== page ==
Demystifying flavour for all Coffeekind.

  • Refresh: What is a micro-lot?

    It’s actually a pretty hard thing to define simply, and that’s what we love about these exotic little lots.

    Let’s break down the etymology first ––‘micro’ as in small, ‘lot’ as in harvest from a single farmer. Simple? Not so. While that’s a true description it still doesn’t cover the entire gamut of what a micro-lot coffee exemplifies.

    While a clean definition’s not all that easy to pin down, we can boldly describe micro-lot coffee by saying it is:

    • - High quality coffee (generally scoring 85+) that tastes distinctive
    • - Traced back to a single farmer

    Further to that we can add that micro-lot coffee is:

    • - Often processed/fermented in a specific way
    • - Often a specific botanical variety

    Characteristics of a micro-lot can cover so much. For instance, with coffee, a micro-lot (and you will notice on our packaging) will often note the varietal of the coffee plant, how it was processed, and who the farmer is, alongside the flavour notes.

    For example:

    Zest, Santa Barbara, Honduras

    ORIGIN // Honduras, Miraflores
    VARIETAL // Parainema
    PRODUCER // Juan Contreras
    PROCESS // Washed, dried on raised beds
    ALTITUDE // 1400 MASL

    **Notes of boysenberry, sherbet,
    lime and kiwi.

    And of course, it’s the highly distinctive flavour (a micro-lots most notable trait) that attracts roasters and consumers to seek and explore deeper into regions to discover micro-lots (and even nano-lots).

    Deeper under the micro-scope…

    Unlike single origin coffee, which only recognises the over-arching distinguishable characteristics of a coffee growing region as a whole, flavour profiles of micro-lot coffee are most times more specific–– taking in everything from the climate, the soil, the terroir, the coffee variety, to the farmer’s distinct and sometimes creative execution of the processing––our personal favourite.

    It’s a lot less general. Where a single origin coffee from Ethiopia might contain beans from various farmers in various towns, growing under various conditions, and you will get a pretty standard and recognisable flavour profile across the board from “Ethiopian coffee”. Whereas with a micro-lot you are able to narrow down each lot (usually between 5-100 bags) to a single farmer grown on a single farm, and each lot will have a distinct flavour profile based on all those factors.

    Following?

    To (very) loosely compare to wine, which is something we often do, it’s like distinguishing a ‘good drop’ based on a particular grape variety, from a particular vineyard, and perhaps even from a particular year. This good drop will have a distinctive flavour when compared to other wines from other grapes/vineyards/climates.

    For instance, at a party when we discuss our favourite drop, rather than just enjoying “Victorian wine”, we might specify we particularly enjoy pinot from the Mornington Peninsula from 2012. Furthermore, the flavour of a Mornington pinot would differ greatly to that of a New Zealand, South Island Pinot, and the year each was bottled would affect the distinction even further. Ask the winemakers why the difference and they might tell you it’s due to the harvest of a particular year, the quality of the soil and climate over the growing time. There would be differences in what went into the soil and what came out of the soil. Even the temperatures at harvest can affect flavour. The two bottles of Pinot would have their own distinctive flavour profiles. Please, winemakers, excuse us for being so casual in our comparison. It’s not a water-tight analogy, but it’s in the ballpark.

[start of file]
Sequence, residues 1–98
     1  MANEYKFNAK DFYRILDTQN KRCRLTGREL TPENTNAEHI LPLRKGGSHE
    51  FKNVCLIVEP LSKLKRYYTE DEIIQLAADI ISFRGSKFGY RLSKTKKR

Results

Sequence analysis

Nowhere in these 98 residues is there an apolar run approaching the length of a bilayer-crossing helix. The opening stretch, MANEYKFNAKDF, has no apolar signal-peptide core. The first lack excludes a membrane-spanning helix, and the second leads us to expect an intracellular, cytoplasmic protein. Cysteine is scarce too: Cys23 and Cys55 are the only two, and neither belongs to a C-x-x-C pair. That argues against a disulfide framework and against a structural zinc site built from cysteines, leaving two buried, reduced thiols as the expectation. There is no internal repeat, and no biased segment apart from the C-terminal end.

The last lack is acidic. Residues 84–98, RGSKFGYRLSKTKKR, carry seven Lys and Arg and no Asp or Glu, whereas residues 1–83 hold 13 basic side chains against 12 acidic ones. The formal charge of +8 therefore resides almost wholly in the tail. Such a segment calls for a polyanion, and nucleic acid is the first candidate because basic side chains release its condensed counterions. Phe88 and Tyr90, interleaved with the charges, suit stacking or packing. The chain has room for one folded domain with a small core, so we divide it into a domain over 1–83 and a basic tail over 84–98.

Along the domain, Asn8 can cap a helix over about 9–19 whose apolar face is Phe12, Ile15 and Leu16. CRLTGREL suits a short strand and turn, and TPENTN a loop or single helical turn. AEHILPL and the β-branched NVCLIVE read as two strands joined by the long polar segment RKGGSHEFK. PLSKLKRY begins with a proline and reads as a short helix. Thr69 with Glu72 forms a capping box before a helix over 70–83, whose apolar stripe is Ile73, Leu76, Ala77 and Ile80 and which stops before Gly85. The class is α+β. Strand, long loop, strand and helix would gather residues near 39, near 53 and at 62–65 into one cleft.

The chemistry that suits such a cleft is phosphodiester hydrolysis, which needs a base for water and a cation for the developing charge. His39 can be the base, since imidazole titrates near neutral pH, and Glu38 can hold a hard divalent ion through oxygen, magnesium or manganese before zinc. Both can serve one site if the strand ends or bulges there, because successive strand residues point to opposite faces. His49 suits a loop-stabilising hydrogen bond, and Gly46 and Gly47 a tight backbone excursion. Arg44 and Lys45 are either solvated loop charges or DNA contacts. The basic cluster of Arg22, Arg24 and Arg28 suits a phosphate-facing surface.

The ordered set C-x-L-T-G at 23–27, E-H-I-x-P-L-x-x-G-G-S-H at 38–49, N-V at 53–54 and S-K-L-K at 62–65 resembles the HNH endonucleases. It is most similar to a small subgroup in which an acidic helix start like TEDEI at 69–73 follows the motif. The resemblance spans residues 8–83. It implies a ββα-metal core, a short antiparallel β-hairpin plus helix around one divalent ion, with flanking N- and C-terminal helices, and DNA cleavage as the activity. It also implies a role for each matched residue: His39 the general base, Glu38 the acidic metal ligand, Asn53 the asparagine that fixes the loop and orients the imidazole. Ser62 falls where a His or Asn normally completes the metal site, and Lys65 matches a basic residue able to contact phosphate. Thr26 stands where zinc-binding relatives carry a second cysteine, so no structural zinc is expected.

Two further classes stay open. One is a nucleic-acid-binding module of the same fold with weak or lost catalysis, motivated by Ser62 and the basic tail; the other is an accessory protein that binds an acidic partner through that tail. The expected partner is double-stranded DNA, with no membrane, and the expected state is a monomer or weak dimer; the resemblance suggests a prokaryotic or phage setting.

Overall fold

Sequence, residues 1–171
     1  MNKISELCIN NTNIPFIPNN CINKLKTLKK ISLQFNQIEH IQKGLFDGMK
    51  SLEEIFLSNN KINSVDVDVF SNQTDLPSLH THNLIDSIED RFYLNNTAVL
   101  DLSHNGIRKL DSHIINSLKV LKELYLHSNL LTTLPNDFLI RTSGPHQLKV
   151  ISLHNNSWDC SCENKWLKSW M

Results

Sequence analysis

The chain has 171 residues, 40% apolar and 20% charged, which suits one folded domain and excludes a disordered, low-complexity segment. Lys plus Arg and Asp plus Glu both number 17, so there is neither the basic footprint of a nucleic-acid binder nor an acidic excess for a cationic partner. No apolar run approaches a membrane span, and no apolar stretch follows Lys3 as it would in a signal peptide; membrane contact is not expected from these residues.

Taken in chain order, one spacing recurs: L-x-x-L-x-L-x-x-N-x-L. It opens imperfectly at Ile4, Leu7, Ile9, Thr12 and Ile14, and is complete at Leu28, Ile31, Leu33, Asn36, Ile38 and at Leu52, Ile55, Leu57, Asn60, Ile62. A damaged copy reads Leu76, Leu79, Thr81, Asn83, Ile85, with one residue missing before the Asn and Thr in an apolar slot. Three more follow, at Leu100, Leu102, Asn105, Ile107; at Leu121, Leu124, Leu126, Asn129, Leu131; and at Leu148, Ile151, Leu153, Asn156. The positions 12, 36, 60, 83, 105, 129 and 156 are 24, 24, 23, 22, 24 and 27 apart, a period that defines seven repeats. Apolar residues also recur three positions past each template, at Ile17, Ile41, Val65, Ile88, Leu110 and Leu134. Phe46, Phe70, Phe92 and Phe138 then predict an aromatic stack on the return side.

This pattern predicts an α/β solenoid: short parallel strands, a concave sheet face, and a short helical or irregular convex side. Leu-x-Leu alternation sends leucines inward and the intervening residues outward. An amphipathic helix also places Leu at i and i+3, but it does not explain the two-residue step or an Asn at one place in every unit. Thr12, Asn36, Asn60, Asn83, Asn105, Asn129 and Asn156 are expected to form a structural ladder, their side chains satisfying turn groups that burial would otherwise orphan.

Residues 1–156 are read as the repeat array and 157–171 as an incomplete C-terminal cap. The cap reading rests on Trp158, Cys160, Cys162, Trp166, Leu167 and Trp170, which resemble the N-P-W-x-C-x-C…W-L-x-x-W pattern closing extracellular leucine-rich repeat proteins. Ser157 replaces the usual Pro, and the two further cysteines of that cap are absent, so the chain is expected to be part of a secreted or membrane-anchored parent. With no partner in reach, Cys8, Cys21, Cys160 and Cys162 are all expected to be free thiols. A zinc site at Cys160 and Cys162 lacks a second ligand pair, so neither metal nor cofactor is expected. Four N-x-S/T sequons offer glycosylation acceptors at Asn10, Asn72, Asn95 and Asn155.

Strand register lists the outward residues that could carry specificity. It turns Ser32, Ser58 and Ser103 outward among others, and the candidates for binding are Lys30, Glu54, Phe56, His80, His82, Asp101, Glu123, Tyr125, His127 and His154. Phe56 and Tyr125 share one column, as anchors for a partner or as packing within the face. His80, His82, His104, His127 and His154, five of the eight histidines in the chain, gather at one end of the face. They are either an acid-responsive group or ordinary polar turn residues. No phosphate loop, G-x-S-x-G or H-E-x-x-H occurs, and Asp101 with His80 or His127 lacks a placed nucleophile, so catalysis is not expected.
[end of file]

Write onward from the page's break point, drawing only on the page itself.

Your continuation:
But back to coffee...

    As mentioned earlier, micro-lots not only look at growing conditions, but can also refer to processing which can be unique from farmer to farmer ––and why one lot from the same growing region can taste so different from another lot depending on how the farmer processed it. This is the place where art meets science in coffee production. And why we, at Zest have harnessed this fast-evolving and innovative niche in our brand-palate.

    We recognise a great scope for using micro-lot coffee to help the lesser-educated of us in Coffeekind better understand the exemplary coffee experiences available when you delve deeper into your exploration. And where better to start than with flavour? Do the flavour notes appeal to you of a particular micro-lot? We say, start there. Use that to ignite your zest for coffee.

    Our mission to make a micro-appreciation of coffee approachable to everyone is why we keep our micro-lot series at the front, and why this breakdown. We want you, at home, to make a Honduras, Santa Barbara Stove Top or French Press in the morning and not only have the mind-blowing kiwi-sherbet-you’ve-never-in-your-life flavour experience in your unique coffee moment, but we want you to understand the farm, the farmer, the producers, the climate, and the terroir that made the coffee what it is. Not all of it at first sip, let’s not jump the gun, but that first sip should open the doors of exploration.

    And when they’re open, dig further into your curiosity, explore your own coffee relationship, your relationship to flavour –– see how deep you can go.

    Perhaps micro-lots are essentially about micro-focusing on a particular coffee growing zone/process/typica for better appreciation. But, we like to think it also extends to micro-focusing on a particular area of the coffee process you aren’t entirely familiar with and getting in there and exploring.

    In our experience, across the board, for all Coffeekind, flavour is the easiest way to invite this deeper experience, which is why we weigh so heavily into the distinctive flavours of a micro-lot.

    Because after all, flavour is everything, isn’t it?